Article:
“Our foreign policy has always been about the national interests of Kazakhstan first and foremost,” Erlan Idrissov, Kazakhstan’s foreign minister, told Foreign Policy in a recent interview. In addition to looking West, Kazakhstan has also been deepening ties with neighboring China.

In 2013, China signed $30 billion worth of gas and oil deals and became the top investor in Kazakhstan’s Kashagan oil field — the largest in the world outside the Middle East.

The trend continued on Dec. 14 as China and Kazakhstaninked $14 billion worth of infrastructure and energy deals — an important move for Kazakh economic independence, given that 80 percent of its oil exports are currently dependent on Russia-controlled pipelines and railways.

“We are not pro-Russian, pro-Chinese, pro-European, or pro-American in our foreign policy. We are pro-Kazakh,” Idrissov said. “If Russia can help us, we will turn to Moscow, but if Russia can’t offer us what we need to pursue our interests, we will turn elsewhere.

It’s simply pragmatic.” In Oct. 2013, Nazarbayev accused Moscow of erecting unfair barriers to trade, describing the Customs Union’s Russian-dominated regulatory body as politicized and complaining that foreign trade distortions were causing major difficulties for his country’s market.

Kazakhstan hoped that joining the union would help it develop a strong market for its local exports beyond hydrocarbons, but since accession to the Customs Union in 2010 the country has been flooded with Russian imports.

Kazakhstan hoped that joining the union would help it develop a strong market for its local exports beyond hydrocarbons, but since accession to the Customs Union in 2010 the country has been flooded with Russian imports.

All of this has raised fears in Astana, as well as Minsk, that the Eurasian Union they just entered will, as per Russian design, lock the post-Soviet states into Russia’s political orbit. Fears over sovereignty were increased following the annexation of Crimea in March.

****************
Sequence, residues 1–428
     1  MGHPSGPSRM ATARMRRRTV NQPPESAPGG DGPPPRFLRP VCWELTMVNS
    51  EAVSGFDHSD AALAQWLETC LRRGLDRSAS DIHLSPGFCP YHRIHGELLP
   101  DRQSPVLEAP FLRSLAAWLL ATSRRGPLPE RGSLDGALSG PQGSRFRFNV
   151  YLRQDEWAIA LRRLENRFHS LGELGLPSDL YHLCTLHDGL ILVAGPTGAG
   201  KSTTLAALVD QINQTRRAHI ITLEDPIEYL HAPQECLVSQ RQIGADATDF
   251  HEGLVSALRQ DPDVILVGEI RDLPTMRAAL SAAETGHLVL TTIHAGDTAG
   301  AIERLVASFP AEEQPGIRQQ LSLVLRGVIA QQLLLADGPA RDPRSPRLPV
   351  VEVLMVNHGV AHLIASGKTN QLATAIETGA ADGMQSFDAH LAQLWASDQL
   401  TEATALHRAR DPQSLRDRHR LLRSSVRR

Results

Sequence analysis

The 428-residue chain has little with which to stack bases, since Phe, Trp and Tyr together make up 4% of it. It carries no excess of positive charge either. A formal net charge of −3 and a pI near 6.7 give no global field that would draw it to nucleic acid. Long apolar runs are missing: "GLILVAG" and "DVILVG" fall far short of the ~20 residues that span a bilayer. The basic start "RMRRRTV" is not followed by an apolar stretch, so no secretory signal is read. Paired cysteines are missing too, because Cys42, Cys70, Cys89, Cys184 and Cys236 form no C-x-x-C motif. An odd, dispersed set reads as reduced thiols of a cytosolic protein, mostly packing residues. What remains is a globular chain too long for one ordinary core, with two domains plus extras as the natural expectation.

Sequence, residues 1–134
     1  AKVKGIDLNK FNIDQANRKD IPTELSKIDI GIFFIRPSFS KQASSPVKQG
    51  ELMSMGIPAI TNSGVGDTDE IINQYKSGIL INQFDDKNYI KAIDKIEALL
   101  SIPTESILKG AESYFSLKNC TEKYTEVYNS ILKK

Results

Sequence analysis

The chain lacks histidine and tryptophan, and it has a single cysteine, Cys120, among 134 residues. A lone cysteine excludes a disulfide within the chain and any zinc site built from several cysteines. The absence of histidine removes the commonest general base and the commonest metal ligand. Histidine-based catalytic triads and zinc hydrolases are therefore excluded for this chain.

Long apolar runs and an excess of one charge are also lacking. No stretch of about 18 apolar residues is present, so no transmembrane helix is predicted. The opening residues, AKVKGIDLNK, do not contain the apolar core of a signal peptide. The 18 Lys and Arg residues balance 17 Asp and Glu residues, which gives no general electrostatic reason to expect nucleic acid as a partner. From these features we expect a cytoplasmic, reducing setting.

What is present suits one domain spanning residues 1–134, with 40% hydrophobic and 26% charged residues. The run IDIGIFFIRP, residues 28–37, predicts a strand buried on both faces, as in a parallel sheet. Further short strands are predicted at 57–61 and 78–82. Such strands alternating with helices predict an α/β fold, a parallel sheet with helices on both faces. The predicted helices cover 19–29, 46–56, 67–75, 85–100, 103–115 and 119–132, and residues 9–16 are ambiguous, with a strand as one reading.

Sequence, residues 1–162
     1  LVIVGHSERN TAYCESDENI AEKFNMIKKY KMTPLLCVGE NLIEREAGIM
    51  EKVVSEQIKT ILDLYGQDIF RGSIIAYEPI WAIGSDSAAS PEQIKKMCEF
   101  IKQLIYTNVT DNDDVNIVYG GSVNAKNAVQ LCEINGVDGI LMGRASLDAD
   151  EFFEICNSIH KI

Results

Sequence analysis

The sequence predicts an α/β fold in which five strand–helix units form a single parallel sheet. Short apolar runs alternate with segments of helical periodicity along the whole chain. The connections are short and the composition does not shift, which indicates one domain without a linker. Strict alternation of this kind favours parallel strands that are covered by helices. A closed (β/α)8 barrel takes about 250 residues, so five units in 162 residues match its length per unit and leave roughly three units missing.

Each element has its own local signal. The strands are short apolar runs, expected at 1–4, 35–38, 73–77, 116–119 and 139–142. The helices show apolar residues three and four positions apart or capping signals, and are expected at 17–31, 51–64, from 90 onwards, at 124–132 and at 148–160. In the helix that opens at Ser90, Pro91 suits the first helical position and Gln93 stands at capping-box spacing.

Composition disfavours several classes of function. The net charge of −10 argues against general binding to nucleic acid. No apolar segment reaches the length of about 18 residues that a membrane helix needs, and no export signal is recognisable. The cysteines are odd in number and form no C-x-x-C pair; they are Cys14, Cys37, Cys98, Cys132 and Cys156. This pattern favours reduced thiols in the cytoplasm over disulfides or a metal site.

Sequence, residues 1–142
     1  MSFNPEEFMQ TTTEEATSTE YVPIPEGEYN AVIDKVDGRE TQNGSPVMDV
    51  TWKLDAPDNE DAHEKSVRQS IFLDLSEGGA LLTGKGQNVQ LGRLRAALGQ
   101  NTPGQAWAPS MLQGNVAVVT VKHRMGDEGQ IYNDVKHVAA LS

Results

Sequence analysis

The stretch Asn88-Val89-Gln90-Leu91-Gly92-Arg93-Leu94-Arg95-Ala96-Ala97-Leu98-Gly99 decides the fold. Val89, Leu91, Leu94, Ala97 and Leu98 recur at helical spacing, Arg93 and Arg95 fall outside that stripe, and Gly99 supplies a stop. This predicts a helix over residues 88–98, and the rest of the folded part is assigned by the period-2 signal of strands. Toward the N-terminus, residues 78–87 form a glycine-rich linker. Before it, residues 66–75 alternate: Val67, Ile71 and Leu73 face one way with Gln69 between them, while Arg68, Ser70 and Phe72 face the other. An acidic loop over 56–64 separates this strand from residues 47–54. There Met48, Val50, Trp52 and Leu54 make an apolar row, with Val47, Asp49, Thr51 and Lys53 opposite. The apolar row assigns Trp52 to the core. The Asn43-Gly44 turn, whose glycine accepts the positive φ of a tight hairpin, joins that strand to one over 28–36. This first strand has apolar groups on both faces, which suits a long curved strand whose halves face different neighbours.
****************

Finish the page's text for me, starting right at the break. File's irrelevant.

“In the eyes of Kazakhstan, Crimea’s annexation was an announcement that Russia does not respect the sovereignty of post-Soviet states,” says Nargis Kassenova of Kazakhstan’s KIMEP University’s Central Asian Studies Center.

Crimea has left both Kazakhstan and Belarus walking a diplomatic tightrope, unable to fully split with Russia, but weary of its new face. Lukashenko, despite advocating support for Putin, called the annexation of Crimea a “bad precedent” for the region in March.

Speaking on Dec. 15, on the eve of two-day official independence anniversary celebrations, Nazarbayev said that Kazakhstan will celebrate the 550th anniversary of the Kazakh Khanate in 2015 and urged his citizens to defend the country’s independence.

The speech appeared to be a direct answer to a statement by Putin in August, who publicly said that Kazakhs had never had statehood before the collapse of the Soviet Union in 1991.

And while Kazakhstan and Belarus are diversifying their economic and political options, the Eurasian Union’s smaller members seem resigned to accept their fates as Russian satellites. Armenia’s National Assembly voted 103-7 on Dec. 4 to join the Eurasian Union along with Belarus, Kazakhstan, and Russia on Jan. 1.

But even lawmakers who voted “yes” were less than enthused about linking their future to Russia. “We cannot survive without the Russian people,” said Mher Sadrakyan, a member of parliament from the ruling Republican Party of Armenia, echoing the view that an alliance with Russia is a necessary evil.

Without Russia, Armenia would be left without support in its conflict with Azerbaijan over the predominantly ethnic-Armenian territory of Nagorno-Karabakh. The conflict there has been in limbo since a Russia-brokered cease-fire in 1994. Russia has a military base in Armenia and is the main supplier of arms to the Armenian military. “Without them [the Russians], they will devour us,” Sadrakyan said, referring to Azerbaijan.

Kyrgyzstan will also become a member of the nascent union — but with caveats. Kyrgyz President Almazbek Atambayev signed on the dotted line on Dec. 23, while noting that his country’s economy would not be ready for accession until May 2015. Major doubts persist in Kyrgyzstan about how joining the Eurasian Union will benefit the country’s economy, which relies heavily on the lucrative re-export trade of Chinese goods to other former Soviet countries.

Eurasian Union membership will place new tariffs on Chinese goods, which will effectively strangle the re-export trade and could close major markets in the country — a development that the Kyrgyz Ministry of Labor, Migration, and Youth warned could double unemployment. Still, Moscow is Kyrgyzstan’s main benefactor, providing billions of dollars’ worthof aid to prop up its struggling economy. The country’s leadership is not prepared to put that vital lifeline in jeopardy.

The Eurasian Union looks like a major dud. With Armenia and Kyrgyzstan reluctant members at best, and Belarus and Kazakhstan looking for alternatives to closer ties with Moscow, it’s becoming clear that the Eurasian Union won’t be the geopolitical game-changer Putin hoped for. Eurasian integration was meant to be the final step in Russia’s return to dignity and leadership, but instead the union is evidence of the Kremlin’s decaying foreign-policy aspirations.